Clincally speaking here are the relevent details,
A good psychiatrist in evaluating a patient and arriving at a differential diagnosis  first must figure out if a person is psychotic or not. Psychotic means out of the realm of reality or "reality testing".  Psychotic is not hard to decipher for any reasonable, astute clinician. It manifests with some certain specific basic types of signs and symptoms, some basic signs are hallucinaitons and delusions. 
Hearing voices is a basic type of psychotic symptom, Once again for an astute clinician this is pretty basic and not difficult to diagnose.
I suppose the term astute is relative. I have evaluated and treated tens of thousands of patients in psychiatry, including lots of murderers, rapists and various other criminals.  So maybe I think it should not be too hard. The scary truth of the matter is, that many mental health practicioners  don't know there butt from a hole in the ground when it comes to evaluating if someone is psychotic or not. Many family doctors perhaps even a majority, are also not competent in evaluating if somone is psychotic or not.
So with that said becouse I have many years of experience in doing this, it makes some people angry resentful and hostile. "How can you tell if somone is psychotic from talking to them for a few minutes" I can't say much to that except, you don't call a plummer when there is a leak under your car, you call a mechanic. Part of the reason it makes poeple resentful that I have expertise in this area, is those people tend to have a horrible prejudice about mental illness. They consider diagosing somone with mental illness as some sort of value judgement. Perhaps a judgement on character, and since I am diangostician, I am the "judger" in their mind. It is more about the stigma and bias and fear those individuals carry about mental illness. As you might imagine it does nto motivate people to go into or stay in psychiatry.

Anyways here is a BASIC concept with tremendous relevence to the current geopolitical climate in the United States.. When it come to delusions (fixed beliefs not grounded in reality testing). There are certain basic areas to always ask about. for example Pre-occupations with Religious, somatic, and grandiosity and paranoia.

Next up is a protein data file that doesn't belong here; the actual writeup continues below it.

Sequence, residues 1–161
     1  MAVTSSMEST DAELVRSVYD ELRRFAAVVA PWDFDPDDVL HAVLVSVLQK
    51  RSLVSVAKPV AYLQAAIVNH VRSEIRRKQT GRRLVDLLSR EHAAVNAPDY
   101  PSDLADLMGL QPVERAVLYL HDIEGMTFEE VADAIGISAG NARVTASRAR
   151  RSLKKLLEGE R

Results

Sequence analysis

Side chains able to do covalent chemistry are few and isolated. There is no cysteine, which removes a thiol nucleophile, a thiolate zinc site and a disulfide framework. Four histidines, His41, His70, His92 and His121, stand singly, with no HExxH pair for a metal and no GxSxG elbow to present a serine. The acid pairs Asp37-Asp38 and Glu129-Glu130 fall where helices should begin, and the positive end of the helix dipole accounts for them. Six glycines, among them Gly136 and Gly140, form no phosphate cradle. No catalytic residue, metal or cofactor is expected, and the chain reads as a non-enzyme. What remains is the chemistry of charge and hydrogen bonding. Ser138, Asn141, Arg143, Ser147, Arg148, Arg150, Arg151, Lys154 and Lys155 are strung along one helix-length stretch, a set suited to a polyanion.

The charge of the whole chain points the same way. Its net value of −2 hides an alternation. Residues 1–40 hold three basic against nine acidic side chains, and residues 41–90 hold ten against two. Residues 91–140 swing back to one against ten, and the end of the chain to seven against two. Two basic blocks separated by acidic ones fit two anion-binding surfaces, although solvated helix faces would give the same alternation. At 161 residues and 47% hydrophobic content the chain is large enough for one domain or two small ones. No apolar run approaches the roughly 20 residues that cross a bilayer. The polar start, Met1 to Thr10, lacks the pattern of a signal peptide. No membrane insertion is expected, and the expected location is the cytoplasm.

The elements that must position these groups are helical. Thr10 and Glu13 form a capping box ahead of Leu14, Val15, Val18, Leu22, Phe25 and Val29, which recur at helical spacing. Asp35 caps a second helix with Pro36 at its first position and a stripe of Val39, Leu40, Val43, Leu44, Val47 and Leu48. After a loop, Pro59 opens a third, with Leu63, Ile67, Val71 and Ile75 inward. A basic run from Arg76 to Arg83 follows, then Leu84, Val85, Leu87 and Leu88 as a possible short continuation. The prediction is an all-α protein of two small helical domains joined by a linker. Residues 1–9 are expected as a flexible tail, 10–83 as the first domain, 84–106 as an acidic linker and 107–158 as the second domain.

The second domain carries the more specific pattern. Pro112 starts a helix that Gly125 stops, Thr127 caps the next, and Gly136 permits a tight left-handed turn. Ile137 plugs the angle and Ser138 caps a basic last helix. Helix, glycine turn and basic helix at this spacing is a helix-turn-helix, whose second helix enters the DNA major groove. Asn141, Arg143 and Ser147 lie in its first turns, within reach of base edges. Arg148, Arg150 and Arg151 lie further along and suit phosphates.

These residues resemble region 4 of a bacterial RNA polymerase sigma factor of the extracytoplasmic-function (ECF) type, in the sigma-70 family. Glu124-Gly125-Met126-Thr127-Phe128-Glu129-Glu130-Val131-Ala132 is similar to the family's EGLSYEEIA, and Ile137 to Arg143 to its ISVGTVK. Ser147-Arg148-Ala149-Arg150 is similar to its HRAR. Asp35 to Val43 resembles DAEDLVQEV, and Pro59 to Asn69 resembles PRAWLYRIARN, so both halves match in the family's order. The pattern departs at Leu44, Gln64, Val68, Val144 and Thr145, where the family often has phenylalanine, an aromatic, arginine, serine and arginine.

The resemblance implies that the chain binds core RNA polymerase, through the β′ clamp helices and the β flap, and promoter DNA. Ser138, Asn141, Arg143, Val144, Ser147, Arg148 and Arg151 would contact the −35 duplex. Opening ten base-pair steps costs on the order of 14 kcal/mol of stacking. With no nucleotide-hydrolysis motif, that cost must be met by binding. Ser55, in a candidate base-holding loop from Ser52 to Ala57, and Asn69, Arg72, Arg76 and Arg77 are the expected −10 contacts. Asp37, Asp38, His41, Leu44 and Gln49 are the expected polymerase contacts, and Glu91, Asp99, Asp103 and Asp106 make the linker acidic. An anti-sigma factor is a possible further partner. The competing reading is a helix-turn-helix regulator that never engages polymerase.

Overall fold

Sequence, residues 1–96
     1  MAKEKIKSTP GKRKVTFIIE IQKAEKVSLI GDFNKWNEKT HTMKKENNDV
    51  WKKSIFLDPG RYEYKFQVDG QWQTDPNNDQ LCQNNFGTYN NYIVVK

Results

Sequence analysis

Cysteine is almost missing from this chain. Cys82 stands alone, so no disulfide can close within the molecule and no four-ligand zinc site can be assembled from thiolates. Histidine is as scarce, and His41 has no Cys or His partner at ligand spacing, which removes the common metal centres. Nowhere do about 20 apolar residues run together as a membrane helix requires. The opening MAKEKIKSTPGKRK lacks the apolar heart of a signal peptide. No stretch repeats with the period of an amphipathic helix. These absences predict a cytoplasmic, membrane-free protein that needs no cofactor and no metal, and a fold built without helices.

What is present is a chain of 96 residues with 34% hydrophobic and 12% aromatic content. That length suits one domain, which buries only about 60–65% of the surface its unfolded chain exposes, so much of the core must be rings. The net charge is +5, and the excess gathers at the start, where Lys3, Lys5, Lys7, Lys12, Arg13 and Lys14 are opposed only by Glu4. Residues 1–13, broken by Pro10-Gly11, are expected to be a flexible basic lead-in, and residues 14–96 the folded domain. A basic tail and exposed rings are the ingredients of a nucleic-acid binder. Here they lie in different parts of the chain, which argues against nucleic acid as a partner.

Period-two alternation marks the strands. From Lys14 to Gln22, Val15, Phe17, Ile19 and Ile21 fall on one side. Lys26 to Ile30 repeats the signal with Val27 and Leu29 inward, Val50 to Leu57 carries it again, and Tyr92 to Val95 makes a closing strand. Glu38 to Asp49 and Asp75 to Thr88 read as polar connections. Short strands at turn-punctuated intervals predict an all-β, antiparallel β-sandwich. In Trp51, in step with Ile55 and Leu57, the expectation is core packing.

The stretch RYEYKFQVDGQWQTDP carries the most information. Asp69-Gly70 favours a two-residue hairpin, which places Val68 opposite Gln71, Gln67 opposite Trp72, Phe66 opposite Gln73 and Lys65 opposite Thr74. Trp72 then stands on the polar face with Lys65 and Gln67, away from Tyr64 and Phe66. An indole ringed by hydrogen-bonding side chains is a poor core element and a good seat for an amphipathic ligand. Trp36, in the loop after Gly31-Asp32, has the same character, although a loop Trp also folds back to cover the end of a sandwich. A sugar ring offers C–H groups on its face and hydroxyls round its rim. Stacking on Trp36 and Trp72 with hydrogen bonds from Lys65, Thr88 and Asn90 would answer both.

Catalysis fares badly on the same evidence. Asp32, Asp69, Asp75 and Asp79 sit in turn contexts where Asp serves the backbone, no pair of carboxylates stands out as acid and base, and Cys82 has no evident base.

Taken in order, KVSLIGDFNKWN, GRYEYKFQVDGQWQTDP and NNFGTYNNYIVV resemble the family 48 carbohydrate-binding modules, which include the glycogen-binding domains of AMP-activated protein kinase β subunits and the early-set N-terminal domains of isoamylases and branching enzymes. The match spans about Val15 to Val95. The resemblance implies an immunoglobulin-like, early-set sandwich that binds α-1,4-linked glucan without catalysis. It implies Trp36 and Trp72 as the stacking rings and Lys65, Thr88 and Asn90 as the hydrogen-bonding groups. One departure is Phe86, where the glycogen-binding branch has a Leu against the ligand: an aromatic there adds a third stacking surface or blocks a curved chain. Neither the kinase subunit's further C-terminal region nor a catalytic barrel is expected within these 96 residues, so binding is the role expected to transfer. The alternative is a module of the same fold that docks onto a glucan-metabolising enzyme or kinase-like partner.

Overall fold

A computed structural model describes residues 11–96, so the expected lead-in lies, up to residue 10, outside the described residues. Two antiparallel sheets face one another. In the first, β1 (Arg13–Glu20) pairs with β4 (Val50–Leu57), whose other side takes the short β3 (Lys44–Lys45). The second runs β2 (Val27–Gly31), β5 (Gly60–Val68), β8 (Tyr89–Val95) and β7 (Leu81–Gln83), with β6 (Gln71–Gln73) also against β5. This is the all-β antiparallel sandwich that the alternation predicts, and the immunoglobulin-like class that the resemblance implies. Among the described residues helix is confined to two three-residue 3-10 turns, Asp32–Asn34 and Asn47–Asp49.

There are certain areas of paranoia to always inquire about when performing a psychiatric assessment.
These certian sub-areas of content in paranoia for example include such things as aliens, mind control, satanic, religious and government.   
This is something I learned all about over 20 years ago in my psychiatric training, It is something assessed in any competent psychiatric evaluation. It is something I have dealt with in patients and continue to deal with on a daily basis almost every day of my profesisonal life.
The concept of  paranoia about the government has always been a common theme in psychotic paranoia. not everyone with psychosis has this issue, but it is still common enough to always need to be assessed. It has absolutely nothing to do with the tea party, or Obama, or Bush, or Clinton, or Republicans or Democrats or Palin, or Beck, or Medow or Fox or CNBC. It has absolutely nothing to do with economic cycles.
The specific delusion may vary slightly with popular culture for example in the 1960's there may have been more psychotic people worried about martians or aliens from Mars when that science fiction was popular, in the 1980's there may have been more paranoid people worried about communists and Soviets doing bad things like planting microchips in ones brain while they slept. The point is psychotic paranoia is an illness and a common area of content involves goverment, mind ocntrol etc. Not new, not interesting per say, just a common area of psychitry, like a plumber fixing a leak, a computer tech fixing a slow hard drive.